Monday, June 27, 2011

Do you sign?

I don't remember learning sign language, but I also don't remember a time when I didn't know how to sign. I was mainstreamed starting in preschool and was around other deaf and hard of hearing children all through elementary school. I had interpreters in my classroom and spent time with Deaf Education teachers. Even my hearing friends learned to sign and we would "talk" during class... unfortunately, the teachers knew some sign language, too so we rarely got off scot-free! ;)

I never liked to sign at home, though, and I wish I could tell you why that is, but I haven't got a clue. I was fine with it at school but insecure signing at home. Maybe because at school, I was one of several deaf/hard of hearing students but at home, I was the only one with hearing loss. Was signing at home an uncomfortable reminder that I was "different"? 

My parents and brothers do know a little bit - in typical BOY fashion, my brothers delight in signing "turtle" and "poop" over and over and over again. Eye. Roll. They all know how to sign the alphabet and that comes in handy when I just can't understand something they've repeated several times. Sometimes just signing the first letter of the word they're trying to say makes something click and I'll figure out that, doh, they were saying "mother" and not "brother."

But for the most part, I don't sign with my family or hearing friends, just with my deaf and hard of hearing friends. When I was growing up, my interpreters used CASE with me - Conceptually Accurate Signed English (others may know it as PSE), which uses ASL (American Sign Language) vocabulary but English word order and grammar. Many people don't know that ASL is actually considered a foreign language with its own grammar and syntax. I can understand ASL but I wouldn't say that I'm fluent in signing it myself. After a few years of being out of touch with the deaf and hard of hearing community, my signing grew rusty. Now, though, I feel like I'm getting my fingers back, though I'm not quite sure what brand of sign language I'd say I use. It feels more like a cross between CASE and SEE (Signing Exact English), which I lovingly refer to as LSL - Lucy Sign Language. ;) I'm thankful that my deaf and hard of hearing friends are patient with me as I re-learn everything!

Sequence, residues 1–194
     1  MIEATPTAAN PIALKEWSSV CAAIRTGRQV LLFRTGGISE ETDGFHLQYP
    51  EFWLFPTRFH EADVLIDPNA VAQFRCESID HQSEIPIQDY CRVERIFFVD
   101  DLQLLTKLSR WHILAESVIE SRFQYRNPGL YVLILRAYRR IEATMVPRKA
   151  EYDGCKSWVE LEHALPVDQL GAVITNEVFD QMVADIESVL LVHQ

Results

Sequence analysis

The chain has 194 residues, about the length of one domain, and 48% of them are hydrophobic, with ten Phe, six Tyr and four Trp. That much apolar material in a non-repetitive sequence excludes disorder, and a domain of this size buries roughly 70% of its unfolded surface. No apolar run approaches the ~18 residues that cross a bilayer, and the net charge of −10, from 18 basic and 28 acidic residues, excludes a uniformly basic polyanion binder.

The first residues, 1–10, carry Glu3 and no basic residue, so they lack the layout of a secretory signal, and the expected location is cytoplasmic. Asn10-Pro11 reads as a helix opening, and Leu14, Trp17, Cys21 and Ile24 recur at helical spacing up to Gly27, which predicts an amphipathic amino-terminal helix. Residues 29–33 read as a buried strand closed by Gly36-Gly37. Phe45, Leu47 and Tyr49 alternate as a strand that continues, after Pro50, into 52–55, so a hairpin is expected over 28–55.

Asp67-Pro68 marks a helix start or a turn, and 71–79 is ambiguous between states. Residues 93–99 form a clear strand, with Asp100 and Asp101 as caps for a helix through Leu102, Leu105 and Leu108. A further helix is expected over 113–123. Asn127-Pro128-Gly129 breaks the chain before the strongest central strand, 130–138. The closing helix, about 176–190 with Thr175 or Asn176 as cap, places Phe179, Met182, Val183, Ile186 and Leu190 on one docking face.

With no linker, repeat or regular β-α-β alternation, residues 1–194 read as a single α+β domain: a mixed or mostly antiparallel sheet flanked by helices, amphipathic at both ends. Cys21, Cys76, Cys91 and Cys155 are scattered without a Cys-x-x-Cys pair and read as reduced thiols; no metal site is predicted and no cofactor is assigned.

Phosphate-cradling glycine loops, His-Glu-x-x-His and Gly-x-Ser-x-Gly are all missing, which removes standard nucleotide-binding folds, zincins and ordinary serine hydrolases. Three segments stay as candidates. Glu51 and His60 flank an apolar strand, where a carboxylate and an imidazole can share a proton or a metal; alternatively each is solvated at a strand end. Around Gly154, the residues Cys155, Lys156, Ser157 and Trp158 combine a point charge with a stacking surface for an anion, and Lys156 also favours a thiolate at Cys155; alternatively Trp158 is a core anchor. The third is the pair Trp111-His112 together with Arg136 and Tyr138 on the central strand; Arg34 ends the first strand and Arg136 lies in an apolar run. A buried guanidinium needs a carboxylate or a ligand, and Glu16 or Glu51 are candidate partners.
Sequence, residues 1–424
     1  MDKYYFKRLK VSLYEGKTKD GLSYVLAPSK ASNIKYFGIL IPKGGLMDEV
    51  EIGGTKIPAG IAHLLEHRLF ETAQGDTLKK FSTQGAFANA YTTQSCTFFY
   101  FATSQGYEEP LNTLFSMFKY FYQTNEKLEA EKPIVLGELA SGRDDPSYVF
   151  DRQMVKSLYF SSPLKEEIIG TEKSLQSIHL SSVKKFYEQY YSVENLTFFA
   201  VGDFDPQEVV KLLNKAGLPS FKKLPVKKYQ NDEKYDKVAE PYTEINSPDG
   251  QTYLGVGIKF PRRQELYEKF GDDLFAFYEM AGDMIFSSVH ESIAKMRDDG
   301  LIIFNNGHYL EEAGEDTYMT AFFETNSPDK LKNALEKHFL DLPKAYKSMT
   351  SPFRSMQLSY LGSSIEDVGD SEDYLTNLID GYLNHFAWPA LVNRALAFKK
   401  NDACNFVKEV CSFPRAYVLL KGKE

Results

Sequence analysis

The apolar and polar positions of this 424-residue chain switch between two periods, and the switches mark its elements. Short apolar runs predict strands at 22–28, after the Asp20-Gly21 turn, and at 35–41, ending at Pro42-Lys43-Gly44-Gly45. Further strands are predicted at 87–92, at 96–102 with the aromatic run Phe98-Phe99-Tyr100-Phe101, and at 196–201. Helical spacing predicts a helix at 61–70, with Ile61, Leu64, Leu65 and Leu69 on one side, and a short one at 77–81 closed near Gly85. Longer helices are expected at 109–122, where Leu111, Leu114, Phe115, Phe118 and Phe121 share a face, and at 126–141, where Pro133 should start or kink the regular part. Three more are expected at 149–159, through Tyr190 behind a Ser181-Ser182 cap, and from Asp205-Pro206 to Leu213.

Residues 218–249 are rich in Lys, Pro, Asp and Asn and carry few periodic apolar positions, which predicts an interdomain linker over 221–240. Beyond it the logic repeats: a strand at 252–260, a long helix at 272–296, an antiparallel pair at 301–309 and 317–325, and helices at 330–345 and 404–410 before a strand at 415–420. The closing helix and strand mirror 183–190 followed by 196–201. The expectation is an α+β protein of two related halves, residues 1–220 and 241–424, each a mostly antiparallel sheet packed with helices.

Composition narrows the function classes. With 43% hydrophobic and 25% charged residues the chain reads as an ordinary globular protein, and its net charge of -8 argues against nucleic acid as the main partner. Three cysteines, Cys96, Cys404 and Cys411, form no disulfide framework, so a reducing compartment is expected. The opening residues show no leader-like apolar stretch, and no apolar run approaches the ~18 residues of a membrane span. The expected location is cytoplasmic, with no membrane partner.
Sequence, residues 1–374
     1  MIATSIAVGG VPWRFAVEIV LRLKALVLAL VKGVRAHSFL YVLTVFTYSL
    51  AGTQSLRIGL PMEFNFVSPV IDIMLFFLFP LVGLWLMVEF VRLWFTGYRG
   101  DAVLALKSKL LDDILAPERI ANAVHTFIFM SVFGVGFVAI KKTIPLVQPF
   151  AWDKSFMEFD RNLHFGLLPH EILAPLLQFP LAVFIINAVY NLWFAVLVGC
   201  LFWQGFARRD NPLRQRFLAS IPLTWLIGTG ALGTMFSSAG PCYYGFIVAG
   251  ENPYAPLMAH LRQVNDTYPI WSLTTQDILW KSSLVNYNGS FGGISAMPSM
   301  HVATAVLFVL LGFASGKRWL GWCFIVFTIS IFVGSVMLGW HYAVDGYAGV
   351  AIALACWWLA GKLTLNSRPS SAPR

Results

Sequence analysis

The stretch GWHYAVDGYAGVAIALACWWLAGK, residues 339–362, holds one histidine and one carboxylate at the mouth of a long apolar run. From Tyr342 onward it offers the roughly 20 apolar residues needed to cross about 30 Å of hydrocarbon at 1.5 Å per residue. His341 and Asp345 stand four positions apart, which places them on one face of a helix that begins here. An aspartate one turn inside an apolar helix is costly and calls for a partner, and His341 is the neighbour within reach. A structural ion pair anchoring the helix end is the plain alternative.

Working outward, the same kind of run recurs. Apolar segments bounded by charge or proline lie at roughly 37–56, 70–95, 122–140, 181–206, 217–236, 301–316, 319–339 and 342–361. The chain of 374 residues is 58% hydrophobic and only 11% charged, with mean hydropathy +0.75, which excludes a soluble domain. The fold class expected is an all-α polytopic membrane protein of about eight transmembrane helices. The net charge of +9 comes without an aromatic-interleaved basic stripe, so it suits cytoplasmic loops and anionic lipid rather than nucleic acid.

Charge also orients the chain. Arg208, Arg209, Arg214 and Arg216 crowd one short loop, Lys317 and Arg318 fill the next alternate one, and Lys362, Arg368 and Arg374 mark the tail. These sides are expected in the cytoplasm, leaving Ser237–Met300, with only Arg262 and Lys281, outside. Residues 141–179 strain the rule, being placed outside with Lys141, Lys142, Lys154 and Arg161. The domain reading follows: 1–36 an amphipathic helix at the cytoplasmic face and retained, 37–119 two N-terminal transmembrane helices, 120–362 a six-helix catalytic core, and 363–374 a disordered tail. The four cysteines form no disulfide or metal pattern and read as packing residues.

Sometimes I wonder if I should be encouraging my hearing friends and family to learn a few more signs. What if my hearing loss progresses? How will we communicate? And not that I'm ancient by any means, but the older I get, I'm finding that I have less patience to keep up with groups of hearing people... maybe if I taught my close friends and family to be more fluent, our conversations would flow a little more smoothly. Plus, I watch a lot of small children and just welcomed a sweet little nephew into the world over the weekend. Children are hard for me to understand and I'd like to find a fun and easy way to teach them to sign so we can still communicate and enjoy each other.

How about you? Is sign language a part of your life? 


  1. I didn't lose my hearing until I was 25 years old. However, I had learned ASL because of culturally Deaf friends that I have.

    I do not use sign much outside the home. My family all know quite a bit of sign, one fluent enough she could be an interpreter if she wanted (but she does not). However, outside the home I do not use sign as the late-deafened people I know, and the HoHearies do not use ASL (or any form of sign). The few culturally Deaf that I run into from time to time treat me pretty badly since I chose a CI instead of "staying Deaf". So I suppose I'm opposite you in that I use more sign IN the home and rarely use it OUT.

  2. Hi Denise! The more I talk to other people, the more I'm finding that I'm the odd one out. People seem to prefer that their family sign, while I've always been reluctant to teach them.

    I don't have a CI but I speak for myself and on the outside, I seem to function more like a hearing person. So I'm in the same boat as you!

    Thanks for stopping by!

  3. i am not deaf but i actually really do want to become a interpreter because i think its fun and maybe one day ill be able to help people like you .(;